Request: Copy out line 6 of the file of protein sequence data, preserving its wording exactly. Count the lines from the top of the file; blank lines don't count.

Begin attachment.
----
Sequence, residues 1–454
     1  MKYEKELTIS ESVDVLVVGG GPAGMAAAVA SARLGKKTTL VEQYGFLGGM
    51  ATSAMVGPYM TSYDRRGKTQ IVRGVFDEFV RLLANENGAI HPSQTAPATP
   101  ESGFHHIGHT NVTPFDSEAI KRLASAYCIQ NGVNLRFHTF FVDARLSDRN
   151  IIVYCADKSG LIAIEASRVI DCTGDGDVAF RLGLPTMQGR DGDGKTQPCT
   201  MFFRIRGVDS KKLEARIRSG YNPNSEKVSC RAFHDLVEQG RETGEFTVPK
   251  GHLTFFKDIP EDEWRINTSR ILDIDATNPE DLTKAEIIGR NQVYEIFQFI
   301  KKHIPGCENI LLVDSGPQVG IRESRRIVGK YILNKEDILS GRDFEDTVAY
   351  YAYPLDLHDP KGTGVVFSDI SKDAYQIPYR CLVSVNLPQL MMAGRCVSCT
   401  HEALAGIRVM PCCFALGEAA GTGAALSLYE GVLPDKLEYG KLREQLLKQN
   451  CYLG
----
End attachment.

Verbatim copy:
   201  MFFRIRGVDS KKLEARIRSG YNPNSEKVSC RAFHDLVEQG RETGEFTVPK